Children dying as “tripledemic” of COVID, flu and RSV swamps New York

In line with trends across the United States, for several weeks now cases of respiratory syncytial virus (RSV), COVID-19 and the influenza have been at high levels in New York City and New York state. COVID cases have increased by 50 percent since Thanksgiving. The state’s health department estimates that 1,595 people are now hospitalized with COVID-19 in New York City, twice as many as since the middle of September. 

Teachers protesting the dangerous reopening of schools in New York in 2020 [AP Photo/Bebeto Matthews]

The COVID test positivity rate for the last seven days has been about 13 percent for both city and state. Some neighborhoods in New York City have positivity rates as high as 22 percent. Deaths from COVID in the city in the last two weeks have increased by almost 200 percent, with 128 people dying in the first two weeks of December, according to the statistics compiled by the city. 

These figures, as they have been for months, are a drastic undercount of the actual spread of the deadly virus since most tests done with over-the-counter rapid antigen tests are not recorded by the city or the state. The most rapidly increasing variant of the coronavirus in the city is XXB, a hybrid of two BA.2 variants. XXB is known to be resistant to COVID vaccines. 

On November 17, New York City statistics revealed another death of a child and two more on November 28 from COVID-related causes. No politician commented on this. No official institution decried these deaths as an unnecessary tragedy, and no media outlet, besides the World Socialist Web Site, has reported it. It was left up to educators to notice and publicize the deaths on social media. This follows a months-long pattern in which pediatric deaths—at least three children also died in March from COVID—are simply concealed by the authorities.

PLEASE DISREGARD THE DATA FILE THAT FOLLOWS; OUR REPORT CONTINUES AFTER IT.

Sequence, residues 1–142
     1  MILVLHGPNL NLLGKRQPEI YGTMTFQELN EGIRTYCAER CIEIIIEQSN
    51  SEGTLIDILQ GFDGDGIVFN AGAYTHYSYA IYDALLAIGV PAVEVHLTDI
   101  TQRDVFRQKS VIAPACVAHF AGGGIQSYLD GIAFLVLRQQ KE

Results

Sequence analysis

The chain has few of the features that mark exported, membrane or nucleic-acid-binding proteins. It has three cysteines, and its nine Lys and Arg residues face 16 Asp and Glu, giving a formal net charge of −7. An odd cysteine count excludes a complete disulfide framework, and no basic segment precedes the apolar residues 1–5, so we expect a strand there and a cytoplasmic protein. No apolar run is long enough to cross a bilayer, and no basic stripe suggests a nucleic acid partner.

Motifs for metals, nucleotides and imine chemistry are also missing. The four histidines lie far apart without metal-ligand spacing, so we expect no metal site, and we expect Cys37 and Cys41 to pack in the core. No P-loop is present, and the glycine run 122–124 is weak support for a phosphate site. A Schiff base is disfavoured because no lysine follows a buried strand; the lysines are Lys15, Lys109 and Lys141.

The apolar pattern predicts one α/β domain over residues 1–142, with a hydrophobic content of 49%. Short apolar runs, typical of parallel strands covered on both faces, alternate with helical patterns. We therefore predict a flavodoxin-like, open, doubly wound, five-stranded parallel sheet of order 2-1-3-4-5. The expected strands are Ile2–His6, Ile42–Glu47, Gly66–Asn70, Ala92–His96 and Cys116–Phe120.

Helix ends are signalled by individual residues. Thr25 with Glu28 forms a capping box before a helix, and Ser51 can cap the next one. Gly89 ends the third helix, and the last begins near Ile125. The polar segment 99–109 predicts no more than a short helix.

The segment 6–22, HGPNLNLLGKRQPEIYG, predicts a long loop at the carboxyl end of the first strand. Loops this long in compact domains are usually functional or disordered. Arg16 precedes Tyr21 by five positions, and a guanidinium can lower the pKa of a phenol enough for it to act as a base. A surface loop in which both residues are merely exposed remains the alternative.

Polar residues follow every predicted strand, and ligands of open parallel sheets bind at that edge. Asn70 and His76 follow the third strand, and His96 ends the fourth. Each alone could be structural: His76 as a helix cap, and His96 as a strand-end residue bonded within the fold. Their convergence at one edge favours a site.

The reason is not hard to find. The actual state of the pandemic directly cuts across the “Stay safe, stay open” program of the Democratic Mayor Eric Adams and his Chancellor of Schools, David Banks, which keeps in-person learning in the schools—one of the main vectors of the disease—open no matter what. 

Meanwhile, flu cases now make up 13 percent of all hospital visits in the city. The state’s Department of Health (DOH) reported a 64 percent increase in influenza statewide on the week ending December 3 over the previous week with a positivity rate of 35 percent of those tested. Statewide, hospitalizations because of the flu increased by 58 percent in the same period. On Wednesday, the Biden Administration gave New York state permission to use stockpiles of the flu treatment medication Tamiflu. The DOH has reported one pediatric death from the flu this season. 

The respiratory syncytial virus (RSV) also continues to hit children particularly hard, with over 300 admitted into New York City hospitals daily, most of them under two years old. The three-week average positivity rate on PCR tests for RSV on December 10 was 7 percent statewide according to the CDC.  There is no vaccine for RSV. 

True to the pandemic motto of the government, “do nothing until it is too late,” on Thursday the Centers for Disease Control and Prevention (CDC) advised mask use in areas of high COVID-19 transmission, such as Los Angeles and New York. On December 9, New York City’s Department of Health and Mental Hygiene (NYC DOHMH) advised—but did not mandate—that New Yorkers wear masks indoors. The state’s Health Commissioner Mary Bassett sent out a letter to school districts advising masking, and the city sent a simpler letter to parents of schoolchildren.

It would be hard, nevertheless, to spot a Democratic politician in New York who follows this advice, certainly not the mayor, who has had himself photographed speaking unmasked to equally maskless gatherings across the city, including to audiences of children. 

The masking advice is strictly pro-forma for a public that’s has been inundated by propaganda from the media and the government at the federal, state and city levels that the pandemic is over. Aside from the State University of New York at Purchase, in Westchester, New York, which reinstated a mask mandate this week, not a single serious mitigation effort is being made by the authorities in New York to stop the spread of COVID-19, or the other respiratory pathogens. Vaccinations, as with masks, are optional. 

What remains of the pandemic infrastructure in New York continues to be dismantled. The city’s single mass-COVID-testing lab, the Pandemic Response Lab, operated by the robotics firm Opentrons, announced this week that it will close by the end of the year. The lab made it possible to run rapid tests on millions of samples after September 2020, and, later to sequence variants of the virus. 

Last week the city’s Department of Education reported 5,501 students and staff were infected with COVID-19. On December 14 alone, 692 students tested positive for COVID.